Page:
A Model 1B IGA is not reciprocal. Only the signing partner country will send information about US account holders at that country’s financial institutions over to the US. Typically, the country signing a Model 1B IGA has no need for information about financial accounts of its nationals or residents since the country imposes no income tax or has only a territorial income tax. The United States and the United Arab Emirates (which has no income tax), for example, have signed a Model 1B IGA (non-reciprocal). This can clearly be seen by comparing Article 2 of the Model 1 reciprocal IGA with the one signed by the UAE. The UAE IGA follows the non-reciprocal IGA Model 1B for countries that do not have a tax treaty or tax information exchange agreement in place with the USA. This means that the UAE will send information to the IRS about US account holders at UAE financial institutions, but the US will not be sending information about UAE account holders in US financial institutions to the UAE. Since the UAE does not impose an income tax, this information is not needed for tax enforcement.
The Treasury Department website does not provide information whether a Model 1 IGA is ‘reciprocal’. In order to determine this it is necessary to carefully examine the specific country’s IGA.
Convincing the governments of other countries to agree to FATCA, while time-consuming, did not prove too difficult. The FFIs themselves were anxious to comply with FATCA so as not to be denied meaningful access to US markets. The institutions put pressure on their local governments to play along.
The governments of foreign countries also had an incentive to get on board the FATCA Express. If these countries could get financial information from the US about their own nationals and residents, they could build up their own fisc with taxes from previously undeclared funds hiding in America. Somehow, the countries with a stake in the financial data game had to convince the USA to “reciprocate” with information on financial accounts held by their taxpayers in US financial institutions.
This is precisely how the so-called “reciprocal” Model 1 IGA was born.
“The Short End of the Stick”
Foreign countries that signed a “reciprocal” Model 1 IGA with the USA got the short end of the reciprocity stick and things have not changed one bit. The USA will not provide its ‘reciprocal’ FATCA partners any information about the following types of accounts held at US financial institutions:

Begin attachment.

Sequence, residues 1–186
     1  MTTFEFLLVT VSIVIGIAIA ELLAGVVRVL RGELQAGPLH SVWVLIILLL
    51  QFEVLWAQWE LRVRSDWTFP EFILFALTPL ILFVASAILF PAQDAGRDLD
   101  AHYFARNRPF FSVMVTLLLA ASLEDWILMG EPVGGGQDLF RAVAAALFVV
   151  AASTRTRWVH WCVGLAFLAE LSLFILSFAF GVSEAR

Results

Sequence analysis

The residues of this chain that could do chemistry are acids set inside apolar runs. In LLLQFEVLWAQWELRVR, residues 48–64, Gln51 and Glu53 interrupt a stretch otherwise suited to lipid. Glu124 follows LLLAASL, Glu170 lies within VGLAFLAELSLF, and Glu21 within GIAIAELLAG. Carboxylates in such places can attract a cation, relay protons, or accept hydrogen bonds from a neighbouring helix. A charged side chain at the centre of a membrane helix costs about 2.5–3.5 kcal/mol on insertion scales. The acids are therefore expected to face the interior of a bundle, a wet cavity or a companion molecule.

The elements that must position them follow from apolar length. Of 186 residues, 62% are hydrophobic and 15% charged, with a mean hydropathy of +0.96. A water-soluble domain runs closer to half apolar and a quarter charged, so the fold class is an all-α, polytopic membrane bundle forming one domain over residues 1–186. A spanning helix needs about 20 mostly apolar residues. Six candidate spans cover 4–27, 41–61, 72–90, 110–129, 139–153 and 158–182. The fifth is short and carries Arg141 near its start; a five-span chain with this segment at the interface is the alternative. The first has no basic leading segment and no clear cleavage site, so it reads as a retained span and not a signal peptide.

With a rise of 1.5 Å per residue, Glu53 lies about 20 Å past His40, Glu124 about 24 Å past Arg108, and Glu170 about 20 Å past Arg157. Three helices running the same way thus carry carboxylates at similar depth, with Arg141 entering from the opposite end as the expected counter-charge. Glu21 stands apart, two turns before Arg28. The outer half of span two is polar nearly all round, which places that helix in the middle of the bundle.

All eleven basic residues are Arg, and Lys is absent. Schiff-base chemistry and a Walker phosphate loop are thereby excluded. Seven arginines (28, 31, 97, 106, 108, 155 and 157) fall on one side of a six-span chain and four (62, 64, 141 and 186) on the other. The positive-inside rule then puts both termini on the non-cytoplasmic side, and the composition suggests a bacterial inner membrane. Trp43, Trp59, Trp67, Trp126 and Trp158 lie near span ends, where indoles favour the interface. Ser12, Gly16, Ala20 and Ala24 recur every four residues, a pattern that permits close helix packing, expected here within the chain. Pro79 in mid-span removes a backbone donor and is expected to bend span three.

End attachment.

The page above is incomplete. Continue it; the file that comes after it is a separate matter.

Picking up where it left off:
Depository (i.e., cash) accounts held by entities. This includes entities that are resident in the FATCA partner country, or,
Non-cash accounts (e.g., brokerage accounts), whether held by individuals or entities, even those that are resident in the FATCA partner country, unless the accounts earn so-called US-source income.
Furthermore, the US will not provide information to its ‘reciprocal’ FATCA partner about the “controlling” persons of any entities having accounts in US financial institutions. This is so regardless of whether the entities are from the reciprocal partner country or from third countries, and even if those entities are owned and controlled by residents of the reciprocal partner country.
US-Sweden IGA: A Case in Point
I mentioned the US-Sweden IGA, which is typical of the Model 1A IGA. Look carefully at the Definitions in Article I at (bb) and (cc), respectively, and compare “Swedish Reportable Account” with “U.S. Reportable Account”; examine the duties imposed under Article 2 “Obligations to Obtain and Exchange Information with Respect to Reportable Accounts”. A careful examination shows that Sweden basically gets nothing from the USA. If the account holder is not a Swedish resident, Sweden really gets nothing! The US financial institution is not required to “look through” to the controlling persons of companies holding accounts at the US institution, yet, Swedish financial institutions clearly have onerous obligations in this regard and must carefully look for US persons behind any entity account holder.
Given the paucity of information that is being given by the US to its IGA “reciprocal” partner, it seems obvious that many non-US persons will continue to feel quite secure in holding accounts at US financial institutions, despite FATCA “reciprocity” with their home countries. This is a wonderful boon to the US financial market in the brave new world of financial transparency. FATCA is still well poised to help the USA continue its reputation as an ever-enticing tax haven.
Peter A. Cotorceanu is the knowledge leader in the FATCA and CRS industry for fiduciaries. A US tax attorney, a New Zealand barrister and solicitor, and a former US law professor, Peter is the Founder and CEO of G&TCA (GATCA & Trusts Compliance Associates LLC). Peter was previously Of Counsel to Anaford AG, a Zurich-based law firm, and the Head of Product Management for Trusts and Foundations for UBS in Zurich, where he was responsible for UBS’s FATCA compliance for trusts, foundations, and other fiduciary structures. Peter has written extensively and spoken around the globe on FATCA and CRS compliance for the fiduciary industry. His services to fiduciaries navigating these complicated and confusing regimes is unparalleled. Visit Peter’s website where you’ll find in one place all the tools fiduciaries need to implement CRS & FATCA. Simply.
Posted March 18, 2021